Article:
Friday, October 19, 2012

Swamp Lights, Jack O' Lanterns, and Pirate Treasure

"Yes, they are all around us," he whispered. "The tricksy lights."
- Gollum; from The Lord of the Rings: The Two Towers, by J.R.R. Tolkien
It's that time of year again.  There's a chill in the air, the jack o' lanterns are grinning from the windows, and people are telling scary stories.  We certainly have our share of those down here--Louisiana has a set of spooky legends, creatures, and spirits all its own.  Perhaps the most famous Louisiana boogieman is the rougarou, or loup larou, a kind of werewolf that haunts the swamps, and is said to hold rowdy balls on the banks of Bayou Goula.  Of course, now Houma has its own werewolf ball: the first annual Rougarou Fest will be next Friday, October 26.  We covered the rougarou in this blog post from last Halloween.  This year, we'll take a look at another Louisiana apparition:  the fifollet.

The fifollet is a ghostly light or flame that appears in the swamps. In some parts of Louisiana, it's known by its original French name: feu follet, or "foolish fire". Whatever you call it, people say that if you try to follow it, the light will retreat, leading you deeper into the swamps until you are hopelessly lost.  Some say the fifollet is a "bad angel", and others say it's the wandering soul of an unbaptized child, or a baby who died while still nursing.  Some old Cajun stories say the fifollet likes to return to the nursery.  If a baby wakes up with unusually rosy cheeks, that means the fifollet has visited in the night, stealing some of the baby's breath (where I'm from, in the mountains of Arkansas, people used to think cats or snakes would suck the breath from babies).  To ward off the fifollet, mustard seeds can be scattered on the floor--the spirit will try to count them, lose track, and stay distracted all night.*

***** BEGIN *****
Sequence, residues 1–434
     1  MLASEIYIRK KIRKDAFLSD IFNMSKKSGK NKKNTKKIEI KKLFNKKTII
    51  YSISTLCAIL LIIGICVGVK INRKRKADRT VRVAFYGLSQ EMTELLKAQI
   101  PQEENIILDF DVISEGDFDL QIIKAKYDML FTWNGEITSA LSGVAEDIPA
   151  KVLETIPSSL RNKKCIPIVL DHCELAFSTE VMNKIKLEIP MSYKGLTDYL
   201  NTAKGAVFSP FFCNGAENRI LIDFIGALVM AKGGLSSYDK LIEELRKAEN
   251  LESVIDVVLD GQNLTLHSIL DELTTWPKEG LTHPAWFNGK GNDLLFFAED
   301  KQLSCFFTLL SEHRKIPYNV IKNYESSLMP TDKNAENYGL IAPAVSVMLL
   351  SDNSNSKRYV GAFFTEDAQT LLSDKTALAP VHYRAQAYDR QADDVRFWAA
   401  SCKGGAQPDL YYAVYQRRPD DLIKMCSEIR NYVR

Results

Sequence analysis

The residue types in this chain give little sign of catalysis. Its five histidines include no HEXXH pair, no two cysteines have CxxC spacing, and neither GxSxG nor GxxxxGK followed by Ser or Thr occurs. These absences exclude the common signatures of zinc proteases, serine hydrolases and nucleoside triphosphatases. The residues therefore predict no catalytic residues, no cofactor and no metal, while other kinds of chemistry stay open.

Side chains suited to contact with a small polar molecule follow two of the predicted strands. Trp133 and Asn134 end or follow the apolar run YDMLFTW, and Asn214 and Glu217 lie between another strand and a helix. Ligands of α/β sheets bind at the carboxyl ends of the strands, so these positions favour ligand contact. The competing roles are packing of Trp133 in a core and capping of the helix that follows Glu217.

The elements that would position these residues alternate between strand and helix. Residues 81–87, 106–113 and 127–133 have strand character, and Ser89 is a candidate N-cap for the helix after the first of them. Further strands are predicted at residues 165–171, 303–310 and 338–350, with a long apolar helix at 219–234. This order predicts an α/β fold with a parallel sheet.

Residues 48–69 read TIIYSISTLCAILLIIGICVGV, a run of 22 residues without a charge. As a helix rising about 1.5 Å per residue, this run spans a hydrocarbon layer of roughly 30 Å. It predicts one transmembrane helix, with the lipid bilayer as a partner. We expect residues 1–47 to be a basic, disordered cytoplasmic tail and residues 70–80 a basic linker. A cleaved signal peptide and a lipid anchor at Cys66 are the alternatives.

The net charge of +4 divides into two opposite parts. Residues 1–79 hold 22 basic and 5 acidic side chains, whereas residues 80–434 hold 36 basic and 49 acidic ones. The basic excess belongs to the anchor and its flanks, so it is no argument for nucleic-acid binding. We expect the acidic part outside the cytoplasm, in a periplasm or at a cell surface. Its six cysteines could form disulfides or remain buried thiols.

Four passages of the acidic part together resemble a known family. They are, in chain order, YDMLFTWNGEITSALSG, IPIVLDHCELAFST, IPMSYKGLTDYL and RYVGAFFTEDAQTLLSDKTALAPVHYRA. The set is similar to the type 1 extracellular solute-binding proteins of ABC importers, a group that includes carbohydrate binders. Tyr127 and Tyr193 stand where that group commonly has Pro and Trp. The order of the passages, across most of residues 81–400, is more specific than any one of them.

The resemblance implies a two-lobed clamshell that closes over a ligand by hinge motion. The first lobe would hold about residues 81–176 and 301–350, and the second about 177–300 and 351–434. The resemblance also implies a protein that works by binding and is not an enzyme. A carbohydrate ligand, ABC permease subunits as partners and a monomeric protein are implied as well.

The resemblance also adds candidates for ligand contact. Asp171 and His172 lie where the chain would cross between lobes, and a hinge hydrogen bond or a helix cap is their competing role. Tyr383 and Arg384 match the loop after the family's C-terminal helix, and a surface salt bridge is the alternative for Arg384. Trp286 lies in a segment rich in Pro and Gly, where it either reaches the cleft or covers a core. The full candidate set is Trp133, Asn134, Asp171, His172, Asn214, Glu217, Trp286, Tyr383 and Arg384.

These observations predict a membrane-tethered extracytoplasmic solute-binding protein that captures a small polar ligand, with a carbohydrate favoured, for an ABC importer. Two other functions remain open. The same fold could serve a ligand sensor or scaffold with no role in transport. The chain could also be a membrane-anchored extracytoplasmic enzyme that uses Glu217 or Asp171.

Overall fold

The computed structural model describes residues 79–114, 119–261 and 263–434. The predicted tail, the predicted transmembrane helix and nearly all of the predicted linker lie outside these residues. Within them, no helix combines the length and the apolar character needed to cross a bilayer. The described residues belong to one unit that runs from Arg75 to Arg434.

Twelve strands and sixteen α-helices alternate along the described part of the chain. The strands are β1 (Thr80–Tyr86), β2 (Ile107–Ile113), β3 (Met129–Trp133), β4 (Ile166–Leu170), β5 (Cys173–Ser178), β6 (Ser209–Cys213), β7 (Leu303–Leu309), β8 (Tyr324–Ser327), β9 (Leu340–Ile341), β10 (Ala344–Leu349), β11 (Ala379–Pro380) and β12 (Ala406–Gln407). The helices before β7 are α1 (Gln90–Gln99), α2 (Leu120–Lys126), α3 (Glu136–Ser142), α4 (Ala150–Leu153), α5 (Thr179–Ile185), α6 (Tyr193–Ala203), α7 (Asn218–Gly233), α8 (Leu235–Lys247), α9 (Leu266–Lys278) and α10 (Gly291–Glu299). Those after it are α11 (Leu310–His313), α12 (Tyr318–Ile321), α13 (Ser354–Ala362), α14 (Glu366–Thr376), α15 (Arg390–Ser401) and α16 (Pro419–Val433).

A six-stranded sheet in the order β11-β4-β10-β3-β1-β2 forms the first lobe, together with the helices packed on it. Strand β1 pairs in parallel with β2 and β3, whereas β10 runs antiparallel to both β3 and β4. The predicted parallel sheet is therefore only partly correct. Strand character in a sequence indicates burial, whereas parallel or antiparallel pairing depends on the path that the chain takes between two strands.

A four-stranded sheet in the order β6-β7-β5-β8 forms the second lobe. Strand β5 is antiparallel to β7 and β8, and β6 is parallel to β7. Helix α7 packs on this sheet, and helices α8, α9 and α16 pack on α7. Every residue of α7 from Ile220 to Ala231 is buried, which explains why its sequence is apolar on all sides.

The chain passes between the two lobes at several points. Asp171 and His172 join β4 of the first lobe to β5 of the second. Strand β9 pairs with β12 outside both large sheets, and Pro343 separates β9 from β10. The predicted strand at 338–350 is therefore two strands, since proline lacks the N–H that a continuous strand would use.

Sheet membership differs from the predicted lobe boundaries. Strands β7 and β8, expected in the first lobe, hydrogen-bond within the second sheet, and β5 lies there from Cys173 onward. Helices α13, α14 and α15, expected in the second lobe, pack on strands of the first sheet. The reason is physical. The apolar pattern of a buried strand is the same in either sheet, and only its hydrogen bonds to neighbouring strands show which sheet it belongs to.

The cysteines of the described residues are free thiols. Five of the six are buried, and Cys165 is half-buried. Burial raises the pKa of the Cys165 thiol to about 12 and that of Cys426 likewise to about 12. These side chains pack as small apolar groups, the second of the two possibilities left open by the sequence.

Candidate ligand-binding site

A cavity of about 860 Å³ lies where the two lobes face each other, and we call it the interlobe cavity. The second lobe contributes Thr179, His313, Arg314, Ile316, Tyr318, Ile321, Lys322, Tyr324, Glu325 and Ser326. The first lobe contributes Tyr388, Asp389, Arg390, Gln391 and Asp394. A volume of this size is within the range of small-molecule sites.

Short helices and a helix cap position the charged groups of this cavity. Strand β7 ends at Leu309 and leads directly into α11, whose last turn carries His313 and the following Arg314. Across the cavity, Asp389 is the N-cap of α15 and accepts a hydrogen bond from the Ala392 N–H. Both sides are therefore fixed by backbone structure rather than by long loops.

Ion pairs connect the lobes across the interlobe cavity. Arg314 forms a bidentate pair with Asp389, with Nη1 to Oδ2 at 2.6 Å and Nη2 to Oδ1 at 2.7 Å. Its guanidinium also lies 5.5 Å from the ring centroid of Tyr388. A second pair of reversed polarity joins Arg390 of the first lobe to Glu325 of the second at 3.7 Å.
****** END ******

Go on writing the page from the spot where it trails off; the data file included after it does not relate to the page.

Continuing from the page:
Out in the swamps, there are other ways to ward off the fifollet.  One is to stick a three-bladed knife in the ground or into a tree.  The spectral light will be trapped by its own reflection in the knife blade, and unable to work its mischief.  Others say that if you hold up a needle, the light will be sucked through its eye, coming out the other side as harmless sparks, or even fireflies.

A (Possible) Portrait of Jean Lafitte
There are those who say the fifollet is associated with buried treasure.  Here the legend of the fifollet intertwines with legends of Jean Lafitte, the mysterious and flamboyant buccaneer.  In the early 1800's, Lafitte and his men did a brisk business robbing ships in the Gulf of Mexico, and then selling the booty in New Orleans.  Lafitte is said to have known all the waterways between New Orleans and his base near Grand Isle, so if the authorities were looking for him along one bayou, he could disappear down another.  Many legends say Lafitte left treasure buried along those bayous, perhaps on Ghost Island, now in Jean Lafitte Preserve, or along the appropriately-named Contraband Bayou, which flows through Lake Charles.  Judging from the number of legends, Lafitte must have left buried treasure along every bayou in Louisiana.